Recycled R³bots Rule
By Justin Davis. March 1, 2013, 4:30 PM CDT
Tom Servo and Crow T. Robot from Mystery Science Theater 3000. K-9 from Doctor Who. Marvin the Paranoid Android from Hitchhiker’s Guide to the Galaxy.
Fiction is full of robots that charm us, whether it’s from their unique designs or their witty dialogue or their programmed personalities. For myriad and often debated reasons, robots hold a special place in fictional cultures that’s impossible to shake loose (they represent ourselves, they make us question the meaning of life, they show us our own faults and promise, they help guide the real world’s technological evolution, they make us laugh, they _____). Creators, both of the tangible and intangible kind, construct some of the most appealing and memorable robots out of a mixture of ideas from the past, present, and future. That exact idea is what led product and toy designer Marco Fernandes to create R³bots.
The R³bots project began as an idea for a stop-motion short movie and has transformed into real-life, blinking, articulated, and simple metal masterpiece.
H.E.L.P.eR from The Venture Bros. WALL-E. BMO (Beemo) from Adventure Time with Finn and Jake.
Portugal-based Fernandes begins with a fully-fleshed (or in this literal case, fleshless) idea for a robot’s personality that then later is given life with the piece-by-piece creation of its Frankensteined body of spare parts.
While developing the creative process, the use of recycled parts and components of electronic items (DVD players, stereo players, computers, motherboards, lighters, old toys, etc.) has become fundamental in defining the initial concept of this project.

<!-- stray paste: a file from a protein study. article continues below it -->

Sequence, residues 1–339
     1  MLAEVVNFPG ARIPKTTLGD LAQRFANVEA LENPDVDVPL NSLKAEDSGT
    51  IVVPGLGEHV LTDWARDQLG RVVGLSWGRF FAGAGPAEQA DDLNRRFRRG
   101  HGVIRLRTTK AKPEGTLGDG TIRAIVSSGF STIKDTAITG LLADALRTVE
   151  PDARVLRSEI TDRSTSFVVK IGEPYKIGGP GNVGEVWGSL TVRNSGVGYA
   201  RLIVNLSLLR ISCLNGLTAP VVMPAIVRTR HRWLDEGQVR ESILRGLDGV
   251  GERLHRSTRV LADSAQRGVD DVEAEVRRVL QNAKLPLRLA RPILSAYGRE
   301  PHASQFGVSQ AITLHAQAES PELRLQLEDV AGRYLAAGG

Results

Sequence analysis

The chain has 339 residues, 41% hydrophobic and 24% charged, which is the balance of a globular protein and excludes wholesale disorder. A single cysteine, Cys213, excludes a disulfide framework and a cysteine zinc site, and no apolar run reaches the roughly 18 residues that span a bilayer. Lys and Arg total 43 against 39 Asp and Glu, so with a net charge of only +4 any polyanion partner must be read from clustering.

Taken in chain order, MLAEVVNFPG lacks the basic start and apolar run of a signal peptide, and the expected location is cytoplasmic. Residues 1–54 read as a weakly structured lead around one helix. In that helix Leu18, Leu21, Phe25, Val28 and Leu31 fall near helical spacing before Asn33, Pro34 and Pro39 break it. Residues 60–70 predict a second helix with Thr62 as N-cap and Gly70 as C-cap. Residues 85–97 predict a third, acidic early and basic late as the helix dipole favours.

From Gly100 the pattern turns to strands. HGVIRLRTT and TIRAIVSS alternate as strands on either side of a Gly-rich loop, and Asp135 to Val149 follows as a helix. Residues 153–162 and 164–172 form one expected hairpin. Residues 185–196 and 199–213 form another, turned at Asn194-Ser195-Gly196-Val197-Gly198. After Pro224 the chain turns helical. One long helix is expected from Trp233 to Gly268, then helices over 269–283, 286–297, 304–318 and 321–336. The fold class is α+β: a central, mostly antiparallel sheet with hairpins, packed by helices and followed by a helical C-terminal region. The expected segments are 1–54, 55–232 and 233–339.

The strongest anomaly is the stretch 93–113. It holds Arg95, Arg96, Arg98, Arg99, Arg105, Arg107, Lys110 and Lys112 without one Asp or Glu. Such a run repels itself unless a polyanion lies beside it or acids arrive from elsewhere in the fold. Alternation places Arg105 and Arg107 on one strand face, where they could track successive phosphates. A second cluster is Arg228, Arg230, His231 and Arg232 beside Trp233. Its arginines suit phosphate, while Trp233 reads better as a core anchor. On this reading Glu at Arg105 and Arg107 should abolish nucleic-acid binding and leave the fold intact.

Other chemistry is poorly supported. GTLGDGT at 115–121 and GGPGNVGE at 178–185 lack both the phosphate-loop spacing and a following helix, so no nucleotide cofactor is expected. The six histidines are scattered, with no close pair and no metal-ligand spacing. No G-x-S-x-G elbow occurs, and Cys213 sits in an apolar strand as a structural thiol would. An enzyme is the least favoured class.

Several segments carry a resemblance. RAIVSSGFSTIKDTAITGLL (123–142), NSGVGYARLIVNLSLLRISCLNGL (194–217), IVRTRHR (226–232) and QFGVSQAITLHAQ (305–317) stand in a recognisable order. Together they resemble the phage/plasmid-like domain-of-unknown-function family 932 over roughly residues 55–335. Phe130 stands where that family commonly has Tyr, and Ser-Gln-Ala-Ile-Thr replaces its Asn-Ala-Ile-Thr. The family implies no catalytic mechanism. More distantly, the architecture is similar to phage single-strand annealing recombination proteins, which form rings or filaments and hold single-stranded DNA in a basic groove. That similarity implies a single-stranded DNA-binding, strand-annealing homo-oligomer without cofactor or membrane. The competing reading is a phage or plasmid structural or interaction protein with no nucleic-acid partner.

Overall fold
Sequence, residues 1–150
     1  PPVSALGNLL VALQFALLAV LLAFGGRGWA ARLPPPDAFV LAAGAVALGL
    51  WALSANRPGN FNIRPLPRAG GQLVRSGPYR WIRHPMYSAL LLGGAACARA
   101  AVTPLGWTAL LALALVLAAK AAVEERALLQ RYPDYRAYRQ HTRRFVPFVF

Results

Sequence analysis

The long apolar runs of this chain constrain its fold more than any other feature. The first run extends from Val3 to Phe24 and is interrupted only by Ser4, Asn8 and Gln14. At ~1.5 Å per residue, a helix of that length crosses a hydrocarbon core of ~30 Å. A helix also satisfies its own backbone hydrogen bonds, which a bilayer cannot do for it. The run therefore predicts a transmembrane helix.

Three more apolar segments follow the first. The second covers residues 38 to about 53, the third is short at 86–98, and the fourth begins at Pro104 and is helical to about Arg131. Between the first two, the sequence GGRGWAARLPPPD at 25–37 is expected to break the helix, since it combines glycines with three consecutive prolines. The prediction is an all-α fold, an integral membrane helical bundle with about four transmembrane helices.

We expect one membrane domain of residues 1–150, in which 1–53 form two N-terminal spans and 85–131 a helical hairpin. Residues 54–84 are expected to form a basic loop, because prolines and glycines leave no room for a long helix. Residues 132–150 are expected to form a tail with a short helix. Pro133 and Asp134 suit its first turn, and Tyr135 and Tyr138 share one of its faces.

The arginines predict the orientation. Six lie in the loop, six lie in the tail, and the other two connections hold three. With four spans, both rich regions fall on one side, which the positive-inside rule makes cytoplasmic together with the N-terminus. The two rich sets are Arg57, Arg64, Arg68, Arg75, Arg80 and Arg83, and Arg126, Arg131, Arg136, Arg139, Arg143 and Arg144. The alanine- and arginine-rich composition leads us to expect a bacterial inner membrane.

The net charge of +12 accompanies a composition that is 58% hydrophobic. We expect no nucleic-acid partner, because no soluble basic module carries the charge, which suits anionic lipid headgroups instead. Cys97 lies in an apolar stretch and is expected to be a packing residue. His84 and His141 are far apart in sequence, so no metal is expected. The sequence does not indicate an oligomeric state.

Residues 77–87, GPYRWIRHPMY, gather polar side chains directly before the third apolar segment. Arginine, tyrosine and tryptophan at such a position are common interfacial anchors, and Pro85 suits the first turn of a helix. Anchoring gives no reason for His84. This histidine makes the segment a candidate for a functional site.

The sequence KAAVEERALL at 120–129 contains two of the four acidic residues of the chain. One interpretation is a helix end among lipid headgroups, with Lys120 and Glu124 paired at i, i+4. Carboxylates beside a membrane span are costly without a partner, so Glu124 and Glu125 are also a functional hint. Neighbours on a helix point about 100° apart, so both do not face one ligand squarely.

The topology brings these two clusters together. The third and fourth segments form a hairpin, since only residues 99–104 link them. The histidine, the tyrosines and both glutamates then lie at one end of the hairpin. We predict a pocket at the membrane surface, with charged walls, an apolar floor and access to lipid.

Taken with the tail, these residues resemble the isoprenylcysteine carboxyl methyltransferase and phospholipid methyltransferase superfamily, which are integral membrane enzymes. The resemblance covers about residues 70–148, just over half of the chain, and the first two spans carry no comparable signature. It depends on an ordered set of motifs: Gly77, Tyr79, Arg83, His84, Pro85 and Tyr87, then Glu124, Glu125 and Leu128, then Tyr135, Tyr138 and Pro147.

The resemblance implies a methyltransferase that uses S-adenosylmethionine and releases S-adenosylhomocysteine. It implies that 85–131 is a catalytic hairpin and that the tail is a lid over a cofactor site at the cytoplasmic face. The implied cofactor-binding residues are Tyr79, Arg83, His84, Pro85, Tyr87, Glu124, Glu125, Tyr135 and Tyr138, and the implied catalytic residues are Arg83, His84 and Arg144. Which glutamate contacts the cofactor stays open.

The animation has led to the construction and development of robots that at this point assumes a strong image and defined posture as objects. Each one is unique and built in a very fluid process without any draft whatsoever or character study.
All of them comes with a customized display, also built from recycled parts (jars, plastic boxes, old lamps, drives,etc.).
R2-D2 from Star Wars. Kryten from Red Dwarf. Clank from Ratchet & Clank.
Each robot that Fernandes builds exhibits distinct designs, and many somehow manage to show hints of curiosity, anger, or even melancholy. The ability to instill a sense of softness in these metal and wire structures is impressive. R³bots range from four to seven inches and are for sale on the artist’s website.
About Justin Davis
Justin Davis is one of the co-founders of Techcitement and acts as the editor-in-chief for the site, which is ironic because he's likely the least tech savvy/aware person here. He also wrote a monthly restaurant review column for The A.V. Club Austin from 2010 to 2011, and he regularly performs in and directs improv theater. That means he's ready for anything. Yes, even that.